Vancouver Province

Wednesday 28 February 2001

Transsexual's tribunal case an insult to real human rights

Susan Martinuk
The Province

The human rights business has become rather complicated lately.

Particularly in Canada, where a squabble over the definition of "woman" has somehow turned into a five-year-long battle over "human rights."

One might think that such an issue could be quickly resolved (by any man off the street). But according to reports emerging from the tribunal's hearing, being a woman has nothing to do with what genitals are present. Rather it hinges on political definitions, legal definitions, medical definitions and, ultimately (perhaps most frightening of all), the tribunal's definition.

No wonder it's taking so long to resolve. Being a woman just isn't what it used to be -- and Kimberly Nixon isn't what she used to be either.

Nixon is a female transsexual who is before B.C.'s Human Rights Tribunal to claim discrimination against a rape counselling centre that turned down her application to become a volunteer rape counsellor because she used to be a he.

But her lawyer has taken great pains to argue that "she" has always been a "she" -- just a "she" who had the misfortune of being born with a "humiliating appendage" (her lawyer's words, not mine). The lawyer further argues that it was this penis that made it impossible for society to recognize the girl/woman that was, quite literally, behind it. Therefore, "she" has always been a "she" and the rape crisis centre has no right to refuse her the "right" to be their volunteer counsellor. Further, the centre should pay her $10,000 in damages for putting her through all this.

That's right -- "all this" is what human rights has become in Canada.

I'm quite sure that the definition of "woman" is less confusing in places like Afghanistan, where women aren't allowed to work, can't leave home without covering every square inch of their being, and where rape is a crime that is perpetrated by women and punishable by death.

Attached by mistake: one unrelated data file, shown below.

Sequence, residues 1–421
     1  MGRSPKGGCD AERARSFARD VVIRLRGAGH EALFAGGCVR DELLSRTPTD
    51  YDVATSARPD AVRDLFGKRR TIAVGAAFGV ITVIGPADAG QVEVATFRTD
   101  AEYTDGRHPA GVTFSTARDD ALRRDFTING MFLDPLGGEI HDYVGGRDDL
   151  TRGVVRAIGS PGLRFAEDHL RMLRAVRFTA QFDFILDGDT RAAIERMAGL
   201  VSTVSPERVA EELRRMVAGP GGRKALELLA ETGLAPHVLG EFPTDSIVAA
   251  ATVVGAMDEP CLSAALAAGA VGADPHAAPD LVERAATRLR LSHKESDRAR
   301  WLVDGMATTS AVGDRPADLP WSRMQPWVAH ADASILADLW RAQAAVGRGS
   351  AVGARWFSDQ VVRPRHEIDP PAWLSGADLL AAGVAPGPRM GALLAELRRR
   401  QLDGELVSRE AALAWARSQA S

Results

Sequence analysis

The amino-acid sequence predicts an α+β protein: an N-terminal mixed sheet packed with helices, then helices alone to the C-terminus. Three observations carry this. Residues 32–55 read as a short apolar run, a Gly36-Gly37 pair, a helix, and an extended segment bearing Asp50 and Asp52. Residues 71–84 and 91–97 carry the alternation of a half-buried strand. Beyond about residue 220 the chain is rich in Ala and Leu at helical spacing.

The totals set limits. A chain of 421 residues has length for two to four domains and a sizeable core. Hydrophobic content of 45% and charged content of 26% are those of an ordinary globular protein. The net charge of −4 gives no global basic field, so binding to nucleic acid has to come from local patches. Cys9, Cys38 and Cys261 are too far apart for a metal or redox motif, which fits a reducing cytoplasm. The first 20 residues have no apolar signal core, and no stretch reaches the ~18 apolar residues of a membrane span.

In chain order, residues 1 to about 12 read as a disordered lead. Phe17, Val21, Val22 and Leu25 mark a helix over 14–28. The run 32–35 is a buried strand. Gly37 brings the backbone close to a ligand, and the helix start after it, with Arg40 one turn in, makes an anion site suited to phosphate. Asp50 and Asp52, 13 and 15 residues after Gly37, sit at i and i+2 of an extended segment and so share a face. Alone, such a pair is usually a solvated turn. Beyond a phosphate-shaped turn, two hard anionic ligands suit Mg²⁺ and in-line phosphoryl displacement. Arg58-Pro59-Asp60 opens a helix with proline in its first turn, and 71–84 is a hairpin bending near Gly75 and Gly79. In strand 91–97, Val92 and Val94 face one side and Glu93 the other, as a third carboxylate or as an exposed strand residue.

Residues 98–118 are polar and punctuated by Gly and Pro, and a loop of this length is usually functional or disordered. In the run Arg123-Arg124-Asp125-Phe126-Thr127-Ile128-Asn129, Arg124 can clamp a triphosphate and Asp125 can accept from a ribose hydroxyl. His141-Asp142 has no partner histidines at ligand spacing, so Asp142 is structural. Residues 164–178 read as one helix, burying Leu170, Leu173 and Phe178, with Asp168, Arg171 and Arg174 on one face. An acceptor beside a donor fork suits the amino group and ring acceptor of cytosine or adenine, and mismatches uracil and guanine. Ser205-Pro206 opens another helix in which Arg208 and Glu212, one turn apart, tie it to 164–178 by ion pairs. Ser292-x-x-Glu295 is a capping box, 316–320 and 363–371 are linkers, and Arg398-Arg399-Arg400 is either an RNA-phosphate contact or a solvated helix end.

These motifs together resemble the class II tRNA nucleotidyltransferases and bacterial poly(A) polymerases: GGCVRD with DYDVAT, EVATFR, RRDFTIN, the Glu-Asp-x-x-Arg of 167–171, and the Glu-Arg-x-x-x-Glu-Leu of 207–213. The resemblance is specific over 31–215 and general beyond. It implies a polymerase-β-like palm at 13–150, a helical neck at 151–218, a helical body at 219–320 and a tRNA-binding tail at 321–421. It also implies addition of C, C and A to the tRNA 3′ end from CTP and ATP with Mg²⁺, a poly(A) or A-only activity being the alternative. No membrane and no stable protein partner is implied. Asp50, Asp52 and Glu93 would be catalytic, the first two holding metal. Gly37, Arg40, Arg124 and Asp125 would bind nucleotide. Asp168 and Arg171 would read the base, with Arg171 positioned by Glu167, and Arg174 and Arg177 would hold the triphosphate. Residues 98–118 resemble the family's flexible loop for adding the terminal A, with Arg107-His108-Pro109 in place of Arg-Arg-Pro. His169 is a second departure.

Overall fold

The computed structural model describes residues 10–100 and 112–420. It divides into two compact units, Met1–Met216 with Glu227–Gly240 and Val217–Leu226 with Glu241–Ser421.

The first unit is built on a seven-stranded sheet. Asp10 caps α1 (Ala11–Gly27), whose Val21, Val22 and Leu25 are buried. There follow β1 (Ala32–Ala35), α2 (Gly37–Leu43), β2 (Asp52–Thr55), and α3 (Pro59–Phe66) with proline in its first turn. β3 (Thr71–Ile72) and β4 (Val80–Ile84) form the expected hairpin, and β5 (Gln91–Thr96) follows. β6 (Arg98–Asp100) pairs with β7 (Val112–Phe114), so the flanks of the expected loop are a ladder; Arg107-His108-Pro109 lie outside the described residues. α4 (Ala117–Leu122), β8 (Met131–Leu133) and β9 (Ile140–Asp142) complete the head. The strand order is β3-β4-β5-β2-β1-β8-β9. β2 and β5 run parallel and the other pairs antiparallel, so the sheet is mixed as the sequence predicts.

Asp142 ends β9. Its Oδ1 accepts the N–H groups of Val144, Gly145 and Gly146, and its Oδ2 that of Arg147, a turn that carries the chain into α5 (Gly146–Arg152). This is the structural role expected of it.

There is little room for doubt about the definition of "woman" in African and Asian countries that practice female circumcision -- a fancy word for gouging out parts of the female genitalia using crude instruments. After all, it is a rite of passage to enter womanhood and is designed to keep women faithful to one man by making sex a brutally painful experience.

Similarly, the term "human rights" takes on a different meaning in the Sudan where Christians and others are routinely persecuted by the Muslim government. Millions in that country have been maimed, tortured or raped. The more fortunate ones become slaves.

In China, human rights abuses are on the increase -- which says a lot since Chinese authoritarians have, for decades, had a notorious record of jailing, torturing and killing political dissidents.

Yet in recent months, thousands of members of a religious sect called Falun Gong have been sent to "re-education" (aka labour) camps. Political or religious dissidents (and anyone else) can be sent to these camps -- without trial -- for up to three years. Currently, more than 250,000 Chinese are currently being held.

Last year, Chinese "family planning officials" killed a newborn baby by drowning him in a rice paddy in front of his parents. The baby committed the crime of being a second child -- in a land with a one-child policy.

Yet, just last week, Prime Minister Chretien, a host of provincial premiers and Canadian business leaders elected to say almost nothing about any of these abuses -- in exchange for billions of dollars in trade contracts. Apparently, they naively believe that as China adopts our free-market business practices, it will also adopt our basic rights and freedoms.

A decade of such practices would suggest otherwise.

Yet Mr. Chretien deems it necessary to squander millions of dollars each year to sustain the Canadian human rights bureaucracy -- despite the fact that it has degenerated into a senseless experiment in social engineering and essentially become a burgeoning cottage industry for minorities and their lawyers.

Perhaps Canadians have become so accustomed to the trivialization and misplaced focus of human rights in Canada that it has become easy to dismiss the real abuses of human rights that occur in other countries.

Ignorance may be bliss, but be warned. In this self-absorbed climate, it will also be increasingly difficult to recognize legitimate human rights abuses in our own country.